Remembering, or Perhaps Losing the Memory, of Pearl Harbor

The video above is from last year. 

The Coast Guard Compass has a post in its Long Blue Line Series looking at the Coast Guard’s role in the events around Hawaii on December 7, 1941 and outlining Coast Guard activities leading up to and during World War II. The video above is from last year.

I looked back on previous posts on this topic, but unfortunately as a result of the Coast Guard’s migration of it’s on-line representation to new servers, it seems we have lost access to much of the historical material that was previously available, most notably the Coast Guard history Pearl Harbor index, as a result my previous posts which largely referred to this historical material now connect only to a singularly unhelpful page at Defense Media Activities.

For what it is worth, here are some previous commemorative post marking this day:

Hopefully I will address the Coast Guard’s Social media efforts relatively soon.

12/1/2017: Summary of keynote address at 11th Annual Arctic Shipping Summit–Coast Guard Maritime Commons

The Coast Guard Maritime commons provided this summary of the keynote address at the 11th annual Arctic Shipping Summit.

Director of Marine Transportation Systems Mr. Mike Emerson presented a Keynote Address on Arctic Waterways Management at the 11th Annual Arctic Shipping Summit in London, England on November 30, 2017.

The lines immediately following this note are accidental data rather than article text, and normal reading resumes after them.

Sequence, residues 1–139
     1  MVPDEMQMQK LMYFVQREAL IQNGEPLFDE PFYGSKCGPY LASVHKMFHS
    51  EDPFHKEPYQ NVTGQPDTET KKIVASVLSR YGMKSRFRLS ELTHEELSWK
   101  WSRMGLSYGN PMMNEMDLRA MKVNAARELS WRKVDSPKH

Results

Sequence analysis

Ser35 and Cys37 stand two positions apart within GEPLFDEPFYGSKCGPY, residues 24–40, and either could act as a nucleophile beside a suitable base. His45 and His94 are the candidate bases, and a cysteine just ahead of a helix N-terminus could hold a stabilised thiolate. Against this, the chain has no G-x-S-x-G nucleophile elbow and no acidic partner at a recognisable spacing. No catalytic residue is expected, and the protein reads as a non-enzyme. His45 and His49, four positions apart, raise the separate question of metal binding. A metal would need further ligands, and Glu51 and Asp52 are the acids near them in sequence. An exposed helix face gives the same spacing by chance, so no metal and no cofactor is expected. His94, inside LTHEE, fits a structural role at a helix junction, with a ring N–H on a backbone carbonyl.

The two day conference brought together experts and stakeholders to discuss some of the issues associated with Arctic operations, such as limited infrastructure and the harsh environment, and how regulations and technical advancements will impact commercial waterways management.

In his remarks, Emerson gave an overview of highlights from the U.S. Chairmanship of the Arctic Council from 2015-2017, and identified some emergent areas that warrant attention during chairmanships of the Scandinavian countries. He also discussed the Arctic Coast Guard Forum, which continues to demonstrate collaborative value, as evidenced by the success of the multi-national ARCTIC GUARDIAN Search and Rescue Exercise that was conducted off the coast of Iceland in September. Looking forward, Emerson said he anticipates increasing interest from countries outside the Arctic Circle to participate more fully in the Arctic Coast Guard Forum, as well as Arctic Council decision-making.